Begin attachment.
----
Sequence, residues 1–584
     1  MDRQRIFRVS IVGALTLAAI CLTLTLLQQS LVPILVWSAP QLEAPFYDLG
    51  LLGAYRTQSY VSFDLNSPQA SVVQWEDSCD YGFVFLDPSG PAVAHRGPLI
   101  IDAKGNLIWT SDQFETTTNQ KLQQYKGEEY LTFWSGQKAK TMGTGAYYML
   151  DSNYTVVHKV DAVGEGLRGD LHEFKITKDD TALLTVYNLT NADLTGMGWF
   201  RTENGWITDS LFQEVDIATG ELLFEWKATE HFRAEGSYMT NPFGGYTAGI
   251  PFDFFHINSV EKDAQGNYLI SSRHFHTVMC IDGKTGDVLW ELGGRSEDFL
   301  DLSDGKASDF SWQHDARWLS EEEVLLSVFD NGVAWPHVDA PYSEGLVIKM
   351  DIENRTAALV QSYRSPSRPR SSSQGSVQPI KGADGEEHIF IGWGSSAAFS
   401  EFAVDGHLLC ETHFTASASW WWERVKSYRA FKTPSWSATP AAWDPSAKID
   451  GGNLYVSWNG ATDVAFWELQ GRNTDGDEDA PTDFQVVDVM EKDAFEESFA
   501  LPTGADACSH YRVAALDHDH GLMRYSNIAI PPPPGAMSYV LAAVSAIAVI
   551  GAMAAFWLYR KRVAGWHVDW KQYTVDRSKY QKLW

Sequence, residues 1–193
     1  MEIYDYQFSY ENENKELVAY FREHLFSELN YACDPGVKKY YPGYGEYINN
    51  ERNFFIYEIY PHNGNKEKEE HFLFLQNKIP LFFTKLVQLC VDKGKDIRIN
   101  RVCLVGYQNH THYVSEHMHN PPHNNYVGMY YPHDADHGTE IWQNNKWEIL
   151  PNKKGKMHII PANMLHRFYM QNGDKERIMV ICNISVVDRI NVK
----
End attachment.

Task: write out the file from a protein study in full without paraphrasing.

Sequence, residues 1–584
     1  MDRQRIFRVS IVGALTLAAI CLTLTLLQQS LVPILVWSAP QLEAPFYDLG
    51  LLGAYRTQSY VSFDLNSPQA SVVQWEDSCD YGFVFLDPSG PAVAHRGPLI
   101  IDAKGNLIWT SDQFETTTNQ KLQQYKGEEY LTFWSGQKAK TMGTGAYYML
   151  DSNYTVVHKV DAVGEGLRGD LHEFKITKDD TALLTVYNLT NADLTGMGWF
   201  RTENGWITDS LFQEVDIATG ELLFEWKATE HFRAEGSYMT NPFGGYTAGI
   251  PFDFFHINSV EKDAQGNYLI SSRHFHTVMC IDGKTGDVLW ELGGRSEDFL
   301  DLSDGKASDF SWQHDARWLS EEEVLLSVFD NGVAWPHVDA PYSEGLVIKM
   351  DIENRTAALV QSYRSPSRPR SSSQGSVQPI KGADGEEHIF IGWGSSAAFS
   401  EFAVDGHLLC ETHFTASASW WWERVKSYRA FKTPSWSATP AAWDPSAKID
   451  GGNLYVSWNG ATDVAFWELQ GRNTDGDEDA PTDFQVVDVM EKDAFEESFA
   501  LPTGADACSH YRVAALDHDH GLMRYSNIAI PPPPGAMSYV LAAVSAIAVI
   551  GAMAAFWLYR KRVAGWHVDW KQYTVDRSKY QKLW

Sequence, residues 1–193
     1  MEIYDYQFSY ENENKELVAY FREHLFSELN YACDPGVKKY YPGYGEYINN
    51  ERNFFIYEIY PHNGNKEKEE HFLFLQNKIP LFFTKLVQLC VDKGKDIRIN
   101  RVCLVGYQNH THYVSEHMHN PPHNNYVGMY YPHDADHGTE IWQNNKWEIL
   151  PNKKGKMHII PANMLHRFYM QNGDKERIMV ICNISVVDRI NVK